May 28, 2019
Christ is made the sure foundation,
Christ, our head and cornerstone,
chosen of the Lord and precious,
binding all the church in one;
holy Zion's help forever
and our confidence alone.
[Evangelical Lutheran Worship #645]
The readings for this coming Thursday, May 30, the Ascension of Our Lord, are as follows:
And the readings for Sunday, June 2, the Seventh Sunday of Easter, are as follows:
Whether high school or college, I'm certain that any number of you reading this have received an invitation or two to someone's graduation in the last couple of weeks. This is, after all, the time of the year when graduations abound.
What we commonly call graduation is more formally referred to as commencement. Commencement means beginning.
  Robert Smith - Courtesy Getty Images
By now you've heard the story of Robert Smith, the billionaire alumnus of Morehouse College, a historically black institution of higher learning in Atlanta. Smith was the commencement speaker who stunned this year's graduates, and perhaps the entire world, by pledging to pay off the student loan debt of this current class - an astonishing sum that could total as high as 40-million dollars.
As a preacher, my first thought was, "There's a sermon in there somewhere!"
In reality, there are several possible sermons from this gesture, but here's where the Spirit is leading me at this writing. These students are freed to begin their life's work without the burden of massive student loan debt. That immediately brings to mind what our Lord Jesus, by his death and resurrection, did for us. We were liberated from the burden of sin, and with our sins forgiven, we can freely live and love and serve the Lord.
That is at the very heart of Martin Luther's mission theology, that as Christ is a gift to us, we are a gift to others. [1]
So, for the graduating students of Morehouse, Smith's gift truly offers them a new beginning, one which ultimately was made possible by the grace of God and the power of the Holy Spirit.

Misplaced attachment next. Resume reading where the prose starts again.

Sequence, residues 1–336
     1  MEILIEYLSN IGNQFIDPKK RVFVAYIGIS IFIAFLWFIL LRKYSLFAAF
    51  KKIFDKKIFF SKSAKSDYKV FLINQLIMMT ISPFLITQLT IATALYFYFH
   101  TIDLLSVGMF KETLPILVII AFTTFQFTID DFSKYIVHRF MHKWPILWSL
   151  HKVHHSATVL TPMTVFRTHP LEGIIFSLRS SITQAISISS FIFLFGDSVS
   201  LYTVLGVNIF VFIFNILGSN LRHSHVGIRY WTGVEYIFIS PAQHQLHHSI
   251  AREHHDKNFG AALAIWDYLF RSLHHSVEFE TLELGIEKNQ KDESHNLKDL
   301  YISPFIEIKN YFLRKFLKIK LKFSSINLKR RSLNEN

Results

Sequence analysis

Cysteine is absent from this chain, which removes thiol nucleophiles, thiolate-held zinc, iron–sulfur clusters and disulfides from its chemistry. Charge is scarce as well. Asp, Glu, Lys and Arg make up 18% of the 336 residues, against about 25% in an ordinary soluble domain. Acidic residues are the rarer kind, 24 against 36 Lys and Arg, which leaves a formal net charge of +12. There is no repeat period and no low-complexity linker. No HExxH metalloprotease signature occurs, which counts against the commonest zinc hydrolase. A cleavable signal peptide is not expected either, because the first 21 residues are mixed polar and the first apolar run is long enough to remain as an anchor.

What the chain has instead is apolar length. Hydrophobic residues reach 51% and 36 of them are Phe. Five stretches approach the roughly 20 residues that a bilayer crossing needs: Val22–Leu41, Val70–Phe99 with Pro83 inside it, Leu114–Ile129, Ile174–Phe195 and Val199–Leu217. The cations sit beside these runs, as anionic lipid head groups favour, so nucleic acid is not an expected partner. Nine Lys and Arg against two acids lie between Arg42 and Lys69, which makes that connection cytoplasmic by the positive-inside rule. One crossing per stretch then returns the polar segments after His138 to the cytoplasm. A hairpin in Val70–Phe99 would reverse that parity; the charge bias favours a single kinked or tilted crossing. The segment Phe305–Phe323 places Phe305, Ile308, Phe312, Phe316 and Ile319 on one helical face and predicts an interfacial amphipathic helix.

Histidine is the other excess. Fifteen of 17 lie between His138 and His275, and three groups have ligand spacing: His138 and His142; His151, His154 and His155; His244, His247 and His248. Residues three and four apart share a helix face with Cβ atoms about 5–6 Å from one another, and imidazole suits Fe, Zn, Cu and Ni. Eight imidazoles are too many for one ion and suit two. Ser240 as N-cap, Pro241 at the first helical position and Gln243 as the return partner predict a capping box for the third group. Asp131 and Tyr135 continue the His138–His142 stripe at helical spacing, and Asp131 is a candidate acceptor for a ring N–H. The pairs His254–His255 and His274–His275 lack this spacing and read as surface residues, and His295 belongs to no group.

The Ascension of Jesus - Jesus Mafa,
  Cameroon, West Africa
This Thursday the church celebrates the Ascension of Our Lord, and it is somewhat fitting that this festival day falls in the middle of commencement season. For Jesus' disciples, this also was a commencement of sorts; a new beginning, because from here on, they would be doing ministry without the physical Jesus present and among them.
They are going out into the world to carry on the ministry for which Jesus has been preparing them for three years. Jesus now sends them out to proclaim the message of the gospel - repentance and forgiveness of sins - in his name. They shall be his witnesses to all the world, beginning at Jerusalem, then Judea, Samaria, and to the ends of the earth.
Week after week, on Sunday after Sunday or whenever we gather, we recite the words of either the Apostle's Creed or the Nicene Creed and we repeat the line, "He ascended into heaven..." It rolls off our lips with little difficulty and, I would guess, with little thought given to the meaning of those words.
However, in a sermon on the Ascension, Luther suggests that, more than a one-time event, we must conceive of Christ's ascension as something active, energetic, and continuous. He writes: